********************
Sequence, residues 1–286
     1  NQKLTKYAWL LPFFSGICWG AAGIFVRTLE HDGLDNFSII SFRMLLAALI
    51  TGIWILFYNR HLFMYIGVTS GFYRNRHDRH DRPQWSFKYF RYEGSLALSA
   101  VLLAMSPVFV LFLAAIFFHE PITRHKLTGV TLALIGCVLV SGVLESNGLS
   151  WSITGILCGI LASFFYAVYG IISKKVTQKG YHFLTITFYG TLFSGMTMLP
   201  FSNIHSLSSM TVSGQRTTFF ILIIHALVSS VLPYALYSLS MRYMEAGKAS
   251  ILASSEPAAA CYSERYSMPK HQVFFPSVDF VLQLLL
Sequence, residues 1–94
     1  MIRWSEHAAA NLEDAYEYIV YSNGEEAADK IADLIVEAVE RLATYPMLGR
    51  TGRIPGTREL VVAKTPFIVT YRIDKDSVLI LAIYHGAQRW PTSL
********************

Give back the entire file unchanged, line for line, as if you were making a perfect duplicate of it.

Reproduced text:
Sequence, residues 1–286
     1  NQKLTKYAWL LPFFSGICWG AAGIFVRTLE HDGLDNFSII SFRMLLAALI
    51  TGIWILFYNR HLFMYIGVTS GFYRNRHDRH DRPQWSFKYF RYEGSLALSA
   101  VLLAMSPVFV LFLAAIFFHE PITRHKLTGV TLALIGCVLV SGVLESNGLS
   151  WSITGILCGI LASFFYAVYG IISKKVTQKG YHFLTITFYG TLFSGMTMLP
   201  FSNIHSLSSM TVSGQRTTFF ILIIHALVSS VLPYALYSLS MRYMEAGKAS
   251  ILASSEPAAA CYSERYSMPK HQVFFPSVDF VLQLLL
Sequence, residues 1–94
     1  MIRWSEHAAA NLEDAYEYIV YSNGEEAADK IADLIVEAVE RLATYPMLGR
    51  TGRIPGTREL VVAKTPFIVT YRIDKDSVLI LAIYHGAQRW PTSL